Valley Breeze

The Valley Breeze Woonsocket North Smithfield 06-07-2018

The Valley Breeze Newspapers serving the Northern Rhode Island towns of Cumberland, Lincoln, Woonsocket, Smithfield, North Smithfield, Pawtucket, North Providence, Scituate, Foster, and Glocester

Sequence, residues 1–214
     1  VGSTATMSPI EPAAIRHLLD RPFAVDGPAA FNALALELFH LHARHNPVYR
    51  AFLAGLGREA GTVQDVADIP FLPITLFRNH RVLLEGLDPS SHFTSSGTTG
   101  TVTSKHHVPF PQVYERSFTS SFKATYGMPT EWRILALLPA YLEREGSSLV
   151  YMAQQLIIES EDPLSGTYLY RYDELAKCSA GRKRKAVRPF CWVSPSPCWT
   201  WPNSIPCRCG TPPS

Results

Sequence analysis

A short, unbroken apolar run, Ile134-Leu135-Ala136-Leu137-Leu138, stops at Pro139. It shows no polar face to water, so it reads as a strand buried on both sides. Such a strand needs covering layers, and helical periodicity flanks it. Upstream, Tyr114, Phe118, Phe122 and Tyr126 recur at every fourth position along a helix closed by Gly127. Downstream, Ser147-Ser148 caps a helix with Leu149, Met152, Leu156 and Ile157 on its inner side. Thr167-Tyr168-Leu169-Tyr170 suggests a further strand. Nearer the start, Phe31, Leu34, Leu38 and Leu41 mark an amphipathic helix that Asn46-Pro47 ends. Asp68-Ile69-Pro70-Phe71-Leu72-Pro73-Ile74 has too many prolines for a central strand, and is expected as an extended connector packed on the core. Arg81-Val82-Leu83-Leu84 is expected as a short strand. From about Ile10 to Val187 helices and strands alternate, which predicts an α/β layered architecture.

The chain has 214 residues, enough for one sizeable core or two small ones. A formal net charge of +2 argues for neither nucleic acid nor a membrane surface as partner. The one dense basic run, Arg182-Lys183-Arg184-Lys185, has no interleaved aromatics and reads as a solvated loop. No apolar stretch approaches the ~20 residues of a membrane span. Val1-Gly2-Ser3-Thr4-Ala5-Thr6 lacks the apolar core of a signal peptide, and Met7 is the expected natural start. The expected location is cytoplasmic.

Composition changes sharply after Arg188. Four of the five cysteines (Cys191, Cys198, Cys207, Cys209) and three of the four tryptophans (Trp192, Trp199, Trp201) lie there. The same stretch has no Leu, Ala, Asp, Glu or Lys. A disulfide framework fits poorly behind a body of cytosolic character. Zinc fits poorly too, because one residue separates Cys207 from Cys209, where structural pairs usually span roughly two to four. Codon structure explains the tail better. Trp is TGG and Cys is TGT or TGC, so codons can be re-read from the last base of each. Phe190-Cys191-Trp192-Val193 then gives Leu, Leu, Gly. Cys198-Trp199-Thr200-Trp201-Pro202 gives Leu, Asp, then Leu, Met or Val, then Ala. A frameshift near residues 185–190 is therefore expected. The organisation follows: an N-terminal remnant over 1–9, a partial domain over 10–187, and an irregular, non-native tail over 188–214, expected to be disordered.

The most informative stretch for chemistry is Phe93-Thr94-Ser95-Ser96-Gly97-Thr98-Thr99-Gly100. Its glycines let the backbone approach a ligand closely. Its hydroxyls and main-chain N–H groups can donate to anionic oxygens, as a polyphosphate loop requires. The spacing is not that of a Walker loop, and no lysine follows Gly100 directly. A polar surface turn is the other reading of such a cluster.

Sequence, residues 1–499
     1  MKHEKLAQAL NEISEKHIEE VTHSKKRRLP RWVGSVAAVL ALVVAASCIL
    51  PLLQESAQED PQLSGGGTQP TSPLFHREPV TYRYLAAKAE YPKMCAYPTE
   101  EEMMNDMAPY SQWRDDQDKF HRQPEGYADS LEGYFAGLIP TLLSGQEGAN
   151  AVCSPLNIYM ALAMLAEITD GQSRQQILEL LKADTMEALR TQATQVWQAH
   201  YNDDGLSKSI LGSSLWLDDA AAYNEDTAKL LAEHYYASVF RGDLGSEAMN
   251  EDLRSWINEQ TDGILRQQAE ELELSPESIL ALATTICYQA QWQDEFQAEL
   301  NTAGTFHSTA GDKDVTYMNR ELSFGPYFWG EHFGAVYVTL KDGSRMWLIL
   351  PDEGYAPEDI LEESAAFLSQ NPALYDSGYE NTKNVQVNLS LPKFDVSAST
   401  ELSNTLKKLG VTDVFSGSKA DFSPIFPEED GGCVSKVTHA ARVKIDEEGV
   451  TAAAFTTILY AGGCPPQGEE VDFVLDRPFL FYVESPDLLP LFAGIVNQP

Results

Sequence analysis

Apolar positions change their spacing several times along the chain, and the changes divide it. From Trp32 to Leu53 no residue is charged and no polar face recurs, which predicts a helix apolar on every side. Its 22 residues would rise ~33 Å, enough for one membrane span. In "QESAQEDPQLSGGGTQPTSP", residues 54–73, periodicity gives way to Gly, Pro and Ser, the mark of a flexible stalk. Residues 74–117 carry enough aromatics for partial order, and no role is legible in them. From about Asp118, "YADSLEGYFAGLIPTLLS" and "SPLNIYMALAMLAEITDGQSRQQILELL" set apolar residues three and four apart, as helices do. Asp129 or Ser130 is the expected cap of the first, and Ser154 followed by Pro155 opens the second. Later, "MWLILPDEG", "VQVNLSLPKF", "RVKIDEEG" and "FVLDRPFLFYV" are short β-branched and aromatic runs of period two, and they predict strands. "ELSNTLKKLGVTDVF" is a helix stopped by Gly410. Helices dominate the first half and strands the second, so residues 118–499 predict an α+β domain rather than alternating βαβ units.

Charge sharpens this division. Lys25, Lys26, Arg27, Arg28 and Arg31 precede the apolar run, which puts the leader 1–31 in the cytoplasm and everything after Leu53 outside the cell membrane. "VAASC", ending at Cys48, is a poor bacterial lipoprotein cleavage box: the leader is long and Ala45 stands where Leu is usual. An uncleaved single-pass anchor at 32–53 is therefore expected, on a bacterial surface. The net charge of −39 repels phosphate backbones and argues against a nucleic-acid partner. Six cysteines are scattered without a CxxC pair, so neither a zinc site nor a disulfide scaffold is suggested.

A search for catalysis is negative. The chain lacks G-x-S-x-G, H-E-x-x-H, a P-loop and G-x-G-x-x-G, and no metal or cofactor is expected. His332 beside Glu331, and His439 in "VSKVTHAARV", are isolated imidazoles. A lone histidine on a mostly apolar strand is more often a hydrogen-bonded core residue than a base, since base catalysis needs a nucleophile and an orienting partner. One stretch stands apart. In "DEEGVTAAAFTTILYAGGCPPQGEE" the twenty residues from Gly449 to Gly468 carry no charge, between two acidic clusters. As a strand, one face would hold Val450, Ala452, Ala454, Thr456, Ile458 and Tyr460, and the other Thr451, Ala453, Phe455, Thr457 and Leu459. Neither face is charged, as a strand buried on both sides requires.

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NORTH SMITHFIELD BLACKSTONE WOONSOCKET EDITION | VALLEY BREEZE | JUNE 7-13, 2018 NORTH SMITHFIELD 7 Community honors the life of Anna Kitada NORTH SMITHFIELD – It was with great sadness and an eye toward celebrating the life of a cher- ished young woman that the North Smithfield community gathered at North Smithfield Middle School last Wednesday to remember Anna Kitada, a 7th-grader who succombed to a long fight with bone cancer on May 26. Anna was getting ready to enter 4th grade at Halliwell Elementary School in 2014 when she was first diagnosed with osteosarcoma that had metastasized to her lungs. The years that followed included surgery, chemotherapy and many months in and out of the hospital. But she did not fight her battle alone. In addition to her mother, Claudia Huntley, and younger sister, Kate, who remained by her side, she received support from members of her community, who rallied to support their friend emotionally and financially during the difficult time. On May 30, community members gathered at the middle school for a spa and game night to support the family's medical expenses hosted by Anna's Hedgehog Heroes, a group founded by Anna's friends, and Kenny's Coalition, an organiza- tion that was first formed to support Anna's family but has since sup- ported several other local families with medical expenses, according to organizer April Lombardi. "Everybody knows all of these kids. So it's heartbreaking, but to see the way that this town comes togeth- er, it takes my breath away every time," she said. While the event had been planned for some time, it became an oppor- tunity for close friends and family to share their stories of Anna as they came together to celebrate her life. Friends and other community members remembered Anna as an upbeat, creative girl who loved Harry Potter, Disney and art and was known around school for her colorful accessories. "She was always very happy," said Abby Tremblay, a close friend who recalled meeting Anna during kin- dergarten orientation at the North Smithfield Public Library. "Always smiling. She never looked sad about anything that was going on." Erin Scott, a parent whose daugh- ter, Elaina, was a close friend, point- ed out that while Anna battled can- cer for several years, to her friends, she was simply Anna, a preteen who loved texting and getting together to watch movies. "It's like a normal friendship. Anna just happened to be bald and have cancer," she said. "Cancer was just part of her journey. It did not define who Anna was." Jennifer Daigneault, the principal at Halliwell Elementary School, recalled Anna's happy attitude and refusal to allow cancer to keep her from embracing her school experi- ence. Daigneault said the past several years have been difficult for students and families as several children in the North Smithfield community have been diagnosed with serious illnesses. In 2012, another North Smithfield student, Evan Mandeville, died at the age of 11 from diffuse intrinsic pontine glioma, a rare brain tumor. Since then, several other families have received cancer diag- noses, with three of the students at Daigneault's school recently finishing treatment. "I think it's been tough. I think we've had our series of kiddos with cancer, so I think having one of our kiddos not win the battle has been really challenging," she said. Following the fundraiser, families made their way out to the school's turf field for a tribute to Anna. Physical education teacher Cristina Lima led the event that included sev- eral of Anna's favorite songs selected by her family and friends. Among those who shared memo- ries was Anne Powers, whose daugh- ter, Julia, was also diagnosed with osteosarcoma. The two families met while receiving treatment at Hasbro Children's Hospital. "We met Anna at Hasbro when Julia was there and she somehow managed to make Hasbro fun. We saw her shooting saline syringes at nurses often," said Powers, to laugh- ter from the crowd. As night descended on the field after a brilliant pink sunset, the crowd joined in with a bubble tribute as several of Anna's closest friends along with her sister, Kate, released white dove balloons in her memory. Earlier in the evening, the communi- ty sang along to "How Far I'll Go," a song from the Disney film "Moana" that Anna's friends said reminded them of her. Like other songs played during the tribute, it called to mind a strong young woman who was loved by her family and celebrated by a community whose lives she touched. "To be able to pay tribute to a young lady who really did impact a lot of people, even people who didn't know her – she truly was always smiling, she truly was happy all the time, she was able to go to school and people really admired that," said Lombardi. "It's been a road, for sure," she added. By LAUREN CLEM Valley Breeze Staff Writer BREEZE PHOTOS BY LAUREN CLEM Several of Anna Kitada's close friends, led by her sister, KATE KITADA, at left, release white dove balloons in memory of their friend dur- ing a tribute at North Smithfield Middle School May 30. The North Smithfield student passed away after a long fight with bone cancer on May 26.

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